If the horse slows down, keeps its head to your shoulder, while peacefully walking to the gate, also well and good.

If the horse gets antsy and tries to Bull it’s way thru you, this is when you can quickly take your left hand, grab the pulling/tightening end of the lead rope and tighten down a little, dig your shoulder into the horse’s chest and make it spin in a circle because you are still holding the halter with your right hand.

I was 12 years old and 5’2” when Granddad taught me that trick. You don’t need brute strength but you do need some strength and to be quick on your feet. I’ve lost count of the times I’ve had to do that, generally with the same horse if it hadn’t been worked in awhile.

The reason you need your left hand basically free is to open the gate as you won’t always have someone with you.

Once in the pasture, face the horse toward its buds (NOT facing the gate you just came thru) because you don’t want to be in the way when the horse no doubt will whirl and kick out.

Then make the horse “hold still” to get the halter off and if the horse does tend to kick out, know which hind leg it uses so as to avoid it while you holler “I’m gonna send you down the road one of these days!” :)

Unfortunately for me, nearly all my Keeper horses have kicked out with the left hind but only one of them ever needed gate charging lessons. He is now 26 and will still occasionally try to push the gate but all he needs is a “NAH!” in his old age, lol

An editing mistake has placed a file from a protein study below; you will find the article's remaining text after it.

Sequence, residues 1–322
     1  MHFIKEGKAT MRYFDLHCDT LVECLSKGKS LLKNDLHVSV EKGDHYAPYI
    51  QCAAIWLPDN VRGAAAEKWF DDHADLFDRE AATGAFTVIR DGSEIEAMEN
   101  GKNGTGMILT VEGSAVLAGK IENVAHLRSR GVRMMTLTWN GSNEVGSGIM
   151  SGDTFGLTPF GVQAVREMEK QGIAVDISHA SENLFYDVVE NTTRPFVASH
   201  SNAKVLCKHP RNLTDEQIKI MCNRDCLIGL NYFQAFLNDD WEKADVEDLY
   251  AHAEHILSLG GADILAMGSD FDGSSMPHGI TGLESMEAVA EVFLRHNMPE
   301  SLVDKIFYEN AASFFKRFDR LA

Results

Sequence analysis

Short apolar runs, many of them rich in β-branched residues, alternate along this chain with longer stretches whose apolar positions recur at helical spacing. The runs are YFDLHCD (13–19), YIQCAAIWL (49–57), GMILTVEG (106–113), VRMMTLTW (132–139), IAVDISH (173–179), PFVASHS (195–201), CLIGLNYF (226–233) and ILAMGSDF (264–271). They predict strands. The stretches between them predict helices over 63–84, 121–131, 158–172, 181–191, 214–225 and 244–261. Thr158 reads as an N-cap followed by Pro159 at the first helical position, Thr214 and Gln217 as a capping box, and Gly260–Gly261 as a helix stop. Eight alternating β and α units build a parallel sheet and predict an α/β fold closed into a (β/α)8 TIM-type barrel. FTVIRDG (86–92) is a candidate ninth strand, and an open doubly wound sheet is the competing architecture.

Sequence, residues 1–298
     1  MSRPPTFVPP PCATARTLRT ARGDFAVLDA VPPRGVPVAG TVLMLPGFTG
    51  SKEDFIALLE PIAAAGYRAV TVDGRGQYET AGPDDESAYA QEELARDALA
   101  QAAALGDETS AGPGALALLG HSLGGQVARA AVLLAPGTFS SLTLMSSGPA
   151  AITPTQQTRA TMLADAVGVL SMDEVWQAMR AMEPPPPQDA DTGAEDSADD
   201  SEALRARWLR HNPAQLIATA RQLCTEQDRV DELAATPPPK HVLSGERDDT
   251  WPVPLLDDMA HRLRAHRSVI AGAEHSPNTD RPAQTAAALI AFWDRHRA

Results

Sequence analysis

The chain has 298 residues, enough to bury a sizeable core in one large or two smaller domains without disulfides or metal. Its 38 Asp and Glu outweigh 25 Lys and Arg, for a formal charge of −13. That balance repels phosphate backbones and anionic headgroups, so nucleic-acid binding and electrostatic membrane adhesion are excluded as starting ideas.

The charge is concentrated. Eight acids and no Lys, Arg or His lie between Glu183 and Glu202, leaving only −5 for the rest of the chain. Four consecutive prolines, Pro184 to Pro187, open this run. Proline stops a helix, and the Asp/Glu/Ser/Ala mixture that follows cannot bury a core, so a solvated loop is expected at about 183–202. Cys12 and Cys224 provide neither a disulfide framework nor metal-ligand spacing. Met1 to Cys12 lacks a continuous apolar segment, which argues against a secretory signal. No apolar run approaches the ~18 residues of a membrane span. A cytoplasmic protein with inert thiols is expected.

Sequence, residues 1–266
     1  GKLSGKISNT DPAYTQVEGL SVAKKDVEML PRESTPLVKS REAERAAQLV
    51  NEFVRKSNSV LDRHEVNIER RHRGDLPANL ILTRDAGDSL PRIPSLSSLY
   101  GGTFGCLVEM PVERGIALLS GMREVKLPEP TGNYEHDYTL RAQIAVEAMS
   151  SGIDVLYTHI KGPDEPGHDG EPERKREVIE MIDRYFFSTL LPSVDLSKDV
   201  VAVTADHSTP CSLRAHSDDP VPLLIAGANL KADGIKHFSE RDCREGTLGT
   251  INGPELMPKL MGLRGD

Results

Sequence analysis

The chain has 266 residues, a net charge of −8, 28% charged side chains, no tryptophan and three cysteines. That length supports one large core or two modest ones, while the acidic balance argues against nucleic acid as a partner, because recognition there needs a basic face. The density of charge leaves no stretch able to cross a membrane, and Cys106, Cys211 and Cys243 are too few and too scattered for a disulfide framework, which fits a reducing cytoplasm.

The worst case scenario would be if the pastured horses are waiting at the gate. Then you need a buggy whip. Snap it hard on the gate and firmly holler “BACK UP!”

If you can do that with the horse you’re holding behind you, the horse will learn it is not the one the whip wrath is aimed at.

That was all probably clear as mud. Sometimes, if you’re by yourself, you need six hands to handle one horse and a lot of creativity.

To reiterate, someone else may have a better idea, so long as it isn’t a namby-pamby poor poor Brandy idea. Judging by her desire to rearrange Wrangler’s face, she is a horse that may need thirty seconds of “I’m going to kill you” every once in awhile. Lol

Just make sure she isn’t in some sort of pain - she is allowed to tell you she hurts but she is not allowed to hurt you while she’s telling you:):)
AnitaAnne and kbrewer like this.

A Good Horseman Doesn't Have To Tell Anyone; The Horse Already Knows.

I CAN'T ride 'em n slide 'em. I HAVE to lead 'em n feed 'em Thnx cowchick77.

Last edited by walkinthewalk; 03-24-2020 at 05:24 PM.
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post #7 of 28 Old 03-24-2020, 05:22 PM